Tom Sharpe's sense of Englishness and of satire always are wonderfully thick on the ground. Here is a lovely passage where neat satire is accompanied by one of his rarer poetic fancies. What to do about the assault of modern education being brought into the College by Sir Godber Evans? The Dean of Porterhouse goes out to seek advice and assistance from a well-placed former student at Porterhouse, now a retired General, Sir Cathcart:

'Trouble with this Godber Evans fellow is he comes from poor stock,' continued Sir Cathcart when he had filled their glasses. 'Doesn't understand men. Hasn't got generations of county stock behind him. No leadership qualities. Got to have lived with animals to understand men, working men. ... No use filling their heads with a whole lot of ideas they can't use. Bloody nonsense, half this education lark.'

'I quite agree,' said the Dean. 'Educating people above their station has been one of the great mistakes of this century. What this country requires is an educated elite. What it's had in fact, for the past three hundred years.' ...

The Dean's head nodded on his chest. The fire, the brandy and the ubiquitous central heating in Coft Castle mingled with the warmth of Sir Cathcart's sentiments to take their toll of his concentration. He was dimly aware of the rumble of the General's imprecations, distant and receding like some tide going out across the mudflats of an estuary where once the fleet had lain at anchor. All empty now, the ships gone, dismantled, scrapped, the evidence of might deplenished, only a sandpiper with Sir Godber's face poking its beak into the sludge. The Dean was asleep.
  

Elevating wit, delightful characters

The entire novel is rich with humor, wit, puns; not sprinkled onto the story but woven into the plot like jewels in brocade. Re-readings show up double meanings missed earlier, in names, situations, off-hand comments. The title Porterhouse Blue is itself a portmanteu phrase in Fowler's sense, packing an amazing number of references into two words.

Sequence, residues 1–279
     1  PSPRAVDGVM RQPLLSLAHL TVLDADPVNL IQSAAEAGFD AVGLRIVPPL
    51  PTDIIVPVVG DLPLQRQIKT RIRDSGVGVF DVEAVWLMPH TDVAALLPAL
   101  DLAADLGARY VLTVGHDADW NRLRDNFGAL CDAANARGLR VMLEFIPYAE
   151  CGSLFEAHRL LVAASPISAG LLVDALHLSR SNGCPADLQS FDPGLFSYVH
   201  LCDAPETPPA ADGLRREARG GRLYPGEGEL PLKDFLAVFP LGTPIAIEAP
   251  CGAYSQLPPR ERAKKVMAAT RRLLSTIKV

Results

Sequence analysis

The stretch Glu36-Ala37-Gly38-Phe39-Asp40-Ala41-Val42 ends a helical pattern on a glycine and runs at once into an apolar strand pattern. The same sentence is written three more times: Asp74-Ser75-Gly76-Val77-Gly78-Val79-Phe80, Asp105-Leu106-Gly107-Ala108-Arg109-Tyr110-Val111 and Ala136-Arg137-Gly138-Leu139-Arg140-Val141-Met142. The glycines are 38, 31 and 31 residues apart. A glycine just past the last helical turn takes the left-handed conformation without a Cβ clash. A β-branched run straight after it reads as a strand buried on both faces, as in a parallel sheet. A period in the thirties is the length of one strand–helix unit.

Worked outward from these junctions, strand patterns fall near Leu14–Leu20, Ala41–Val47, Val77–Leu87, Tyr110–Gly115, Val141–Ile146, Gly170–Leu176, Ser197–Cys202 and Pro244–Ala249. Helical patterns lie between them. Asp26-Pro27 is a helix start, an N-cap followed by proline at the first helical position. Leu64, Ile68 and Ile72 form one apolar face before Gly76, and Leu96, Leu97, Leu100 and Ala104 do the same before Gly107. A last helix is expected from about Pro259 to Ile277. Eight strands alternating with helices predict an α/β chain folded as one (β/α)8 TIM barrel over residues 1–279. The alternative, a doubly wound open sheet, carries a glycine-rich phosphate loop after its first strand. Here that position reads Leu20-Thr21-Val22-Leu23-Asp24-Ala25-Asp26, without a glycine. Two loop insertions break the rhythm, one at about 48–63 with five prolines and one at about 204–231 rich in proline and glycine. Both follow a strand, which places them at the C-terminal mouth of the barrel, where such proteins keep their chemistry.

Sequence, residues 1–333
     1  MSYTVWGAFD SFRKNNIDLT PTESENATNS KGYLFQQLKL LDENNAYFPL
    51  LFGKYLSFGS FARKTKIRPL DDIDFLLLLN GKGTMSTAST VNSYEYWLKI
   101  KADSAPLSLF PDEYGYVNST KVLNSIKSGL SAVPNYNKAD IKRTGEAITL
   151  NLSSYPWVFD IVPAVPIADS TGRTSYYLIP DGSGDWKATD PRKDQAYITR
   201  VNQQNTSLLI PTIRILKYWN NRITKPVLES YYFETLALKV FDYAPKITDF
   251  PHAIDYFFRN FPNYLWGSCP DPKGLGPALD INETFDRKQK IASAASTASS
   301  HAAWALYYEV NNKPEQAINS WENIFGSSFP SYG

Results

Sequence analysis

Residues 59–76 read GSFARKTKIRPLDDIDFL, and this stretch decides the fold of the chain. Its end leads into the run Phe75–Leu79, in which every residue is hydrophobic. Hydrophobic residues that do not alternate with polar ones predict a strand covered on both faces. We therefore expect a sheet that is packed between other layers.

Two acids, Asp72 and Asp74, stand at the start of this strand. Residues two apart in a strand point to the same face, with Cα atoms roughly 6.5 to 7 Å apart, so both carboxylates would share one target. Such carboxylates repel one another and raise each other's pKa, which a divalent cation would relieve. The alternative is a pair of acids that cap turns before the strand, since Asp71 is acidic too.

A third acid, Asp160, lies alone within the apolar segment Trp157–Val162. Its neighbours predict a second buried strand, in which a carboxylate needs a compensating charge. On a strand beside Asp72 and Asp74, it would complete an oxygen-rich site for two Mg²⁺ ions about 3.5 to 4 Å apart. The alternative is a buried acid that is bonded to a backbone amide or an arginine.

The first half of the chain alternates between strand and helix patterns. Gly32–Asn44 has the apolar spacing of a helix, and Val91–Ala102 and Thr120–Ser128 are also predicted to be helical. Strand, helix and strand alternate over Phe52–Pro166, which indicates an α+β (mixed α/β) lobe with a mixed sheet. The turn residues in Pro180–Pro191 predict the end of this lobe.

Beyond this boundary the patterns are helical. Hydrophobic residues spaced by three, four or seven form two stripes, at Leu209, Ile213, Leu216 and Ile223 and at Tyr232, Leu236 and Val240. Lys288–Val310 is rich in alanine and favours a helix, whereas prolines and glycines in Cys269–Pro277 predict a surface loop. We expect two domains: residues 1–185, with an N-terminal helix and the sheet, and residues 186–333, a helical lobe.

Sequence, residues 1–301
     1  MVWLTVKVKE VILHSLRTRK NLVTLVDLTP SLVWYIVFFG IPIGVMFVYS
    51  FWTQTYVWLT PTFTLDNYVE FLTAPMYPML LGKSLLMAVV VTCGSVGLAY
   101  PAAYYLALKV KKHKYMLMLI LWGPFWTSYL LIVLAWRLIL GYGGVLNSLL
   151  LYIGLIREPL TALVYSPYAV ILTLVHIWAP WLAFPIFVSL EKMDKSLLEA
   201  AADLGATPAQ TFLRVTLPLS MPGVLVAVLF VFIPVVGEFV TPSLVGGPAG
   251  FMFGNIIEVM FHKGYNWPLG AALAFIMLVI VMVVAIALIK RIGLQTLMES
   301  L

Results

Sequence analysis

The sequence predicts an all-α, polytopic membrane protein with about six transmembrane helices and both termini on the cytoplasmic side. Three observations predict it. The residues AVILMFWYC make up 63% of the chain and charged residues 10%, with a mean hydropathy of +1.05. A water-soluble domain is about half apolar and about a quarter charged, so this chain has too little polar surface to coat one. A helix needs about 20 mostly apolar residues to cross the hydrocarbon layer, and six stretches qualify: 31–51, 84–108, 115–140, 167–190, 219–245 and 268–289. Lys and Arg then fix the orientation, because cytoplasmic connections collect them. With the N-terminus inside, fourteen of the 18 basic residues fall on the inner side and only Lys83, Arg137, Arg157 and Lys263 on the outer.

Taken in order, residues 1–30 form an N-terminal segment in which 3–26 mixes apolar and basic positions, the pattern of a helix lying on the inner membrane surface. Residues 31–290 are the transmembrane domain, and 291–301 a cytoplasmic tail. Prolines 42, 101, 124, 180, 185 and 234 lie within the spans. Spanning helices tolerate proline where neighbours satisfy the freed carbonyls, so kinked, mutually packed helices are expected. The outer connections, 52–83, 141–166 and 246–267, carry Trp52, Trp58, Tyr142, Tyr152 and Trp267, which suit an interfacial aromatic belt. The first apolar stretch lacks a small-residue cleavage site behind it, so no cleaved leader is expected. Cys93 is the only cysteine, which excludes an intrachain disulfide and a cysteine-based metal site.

There is a fine sequel, Grantchester Grind; although Porterhouse Blue is complete in itself.
  

Porterhouse Blue and Grantchester Grind contain much less violence and overt bawdiness than Tom Sharpe's first two novels, the riotously indecent South Africa satires Riotous Assembly and Indecent Exposure. Yet neither are these for children, for the tender-minded, nor for anyone austerely righteous or politically correct, untempered by humor. There are literate bawdy jokes and puns of the kind that lace some of Shakespeare's plays, and downright sex-farce worthy of Aristophanes and the phallic Old Comedy of the Greeks. Outrages of modesty or decorum are common. The plot races along, touched-up by new collegiate raciness to brighten or frighten the old walls of Porterhouse.

Ah, education! Has the Fleet's high tide gone out forever, and only the officious sludge on the shore left to future generations? I find Porterhouse Blue very, very funny; it is exemplary at once of useful satire, witty tale-telling, and hilarious entertainment.

  

© 2004 Robert Wilfred Franson


  
R. W. Franson's review of
Grantchester Grind
by Tom Sharpe